Lymphedema After Breast Cancer Treatment

Having a diagnosis of lymphedema after breast cancer treatment is a concern for most women who have survived. When lymphedema strikes it can be like receiving a second gut punch. In itself it may not be life threatening but when infection occurs it becomes serious. There is no cure. You can learn more from Mayo Clinic here.

Anyone can develop lymphedema not just cancer survivors and not just women. Infants can be born with lymphedema. Many people have lymphedema without having had surgery or invasive damage to their lymphatic system. This is referred to as primary lymphedema.

Lymphedema Treatment Act

Damaged Lymphatic System

Any damage to the lymphatic system can result in lymphedema. This article will focus on women who develop lymphedema after cancer treatment. This is called secondary lymphedema.

The lymphatic system is part of the circulatory system and an important part of the immune system. Our lymph fluid drains into our bloodstream at the subclavian vein in the neck. These diagrams explain the lymphatic system.

Lymphedema After Cancer Treatment

 

Women with damaged lymphatic system are at greater risk for infection. When an infection occurs it becomes serious in women with lymphedema. Learn more about infections and lymphedema from breastcancer.org.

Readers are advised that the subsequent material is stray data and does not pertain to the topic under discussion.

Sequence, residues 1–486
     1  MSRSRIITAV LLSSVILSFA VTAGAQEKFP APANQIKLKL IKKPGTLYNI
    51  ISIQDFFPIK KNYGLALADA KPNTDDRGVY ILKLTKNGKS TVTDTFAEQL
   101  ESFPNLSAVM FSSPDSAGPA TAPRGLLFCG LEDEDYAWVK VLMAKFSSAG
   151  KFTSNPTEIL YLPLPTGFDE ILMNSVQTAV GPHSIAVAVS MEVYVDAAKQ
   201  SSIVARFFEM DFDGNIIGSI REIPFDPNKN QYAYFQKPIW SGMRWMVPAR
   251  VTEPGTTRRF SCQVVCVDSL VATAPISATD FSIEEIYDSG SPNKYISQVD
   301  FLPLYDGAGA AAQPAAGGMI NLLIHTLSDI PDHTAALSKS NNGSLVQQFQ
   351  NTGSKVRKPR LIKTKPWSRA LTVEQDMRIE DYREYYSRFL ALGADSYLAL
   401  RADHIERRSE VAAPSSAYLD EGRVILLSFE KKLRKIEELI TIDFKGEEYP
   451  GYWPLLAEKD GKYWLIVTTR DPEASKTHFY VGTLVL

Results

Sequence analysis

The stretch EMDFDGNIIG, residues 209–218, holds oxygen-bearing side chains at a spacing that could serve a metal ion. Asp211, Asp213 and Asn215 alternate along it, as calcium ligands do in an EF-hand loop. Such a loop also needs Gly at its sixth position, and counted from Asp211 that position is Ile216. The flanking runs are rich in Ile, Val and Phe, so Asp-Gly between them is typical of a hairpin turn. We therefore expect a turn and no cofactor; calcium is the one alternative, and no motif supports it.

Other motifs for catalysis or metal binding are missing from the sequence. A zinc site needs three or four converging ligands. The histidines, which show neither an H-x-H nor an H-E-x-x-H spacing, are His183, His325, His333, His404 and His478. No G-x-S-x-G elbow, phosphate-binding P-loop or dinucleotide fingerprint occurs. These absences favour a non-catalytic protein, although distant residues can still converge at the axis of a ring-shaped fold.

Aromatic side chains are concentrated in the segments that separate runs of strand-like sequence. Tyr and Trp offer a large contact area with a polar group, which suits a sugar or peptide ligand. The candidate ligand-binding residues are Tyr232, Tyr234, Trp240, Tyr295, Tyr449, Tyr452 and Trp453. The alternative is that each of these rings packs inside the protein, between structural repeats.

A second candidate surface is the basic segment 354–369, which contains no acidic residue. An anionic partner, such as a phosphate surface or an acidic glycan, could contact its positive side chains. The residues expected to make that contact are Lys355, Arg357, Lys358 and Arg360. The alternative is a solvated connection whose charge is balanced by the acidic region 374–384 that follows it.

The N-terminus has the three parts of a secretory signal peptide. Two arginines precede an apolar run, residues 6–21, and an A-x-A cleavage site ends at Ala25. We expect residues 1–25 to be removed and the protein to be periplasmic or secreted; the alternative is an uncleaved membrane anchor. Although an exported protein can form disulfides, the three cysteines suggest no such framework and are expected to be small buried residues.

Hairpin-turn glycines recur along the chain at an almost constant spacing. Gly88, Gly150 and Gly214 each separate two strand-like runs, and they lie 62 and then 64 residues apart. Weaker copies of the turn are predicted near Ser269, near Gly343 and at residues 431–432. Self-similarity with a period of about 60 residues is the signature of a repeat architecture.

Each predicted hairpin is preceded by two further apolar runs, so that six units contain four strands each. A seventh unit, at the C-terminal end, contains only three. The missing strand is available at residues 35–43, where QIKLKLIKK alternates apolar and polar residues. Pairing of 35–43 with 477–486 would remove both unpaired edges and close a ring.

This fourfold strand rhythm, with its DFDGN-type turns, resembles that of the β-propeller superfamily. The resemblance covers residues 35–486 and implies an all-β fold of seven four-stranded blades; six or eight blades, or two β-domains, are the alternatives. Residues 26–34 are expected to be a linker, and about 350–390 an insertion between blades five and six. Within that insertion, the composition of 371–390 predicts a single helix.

Support Groups

There are support groups for women effected by lymphedema accross the country. You can learn more about support from National Lymphedema Network at lymphnet. There are many support groups on social media as well.



Lymphedema Self Care

As a lymphedema patient you can find clinical treatment and advice at your nearest cancer center. It is vitally important that you follow up with your self care at home. Be vigilant about any cuts or scrapes on your skin on the effected area. Common advice is to wear no jewelry, watches, or rings on the effected limb. Do not have blood pressure or blood draws taken from the effected limb. Infection can set in very quickly so you need to know what to look for.

Your physician should look immediately at any red patches of skin that become hot to the touch. Report signs of infection such as fever, chills and body aches, to your physician immediately. The National Lymphatic Network has good information about complications from lymphedema here.

Finally, the following video explains lymphedema in detail.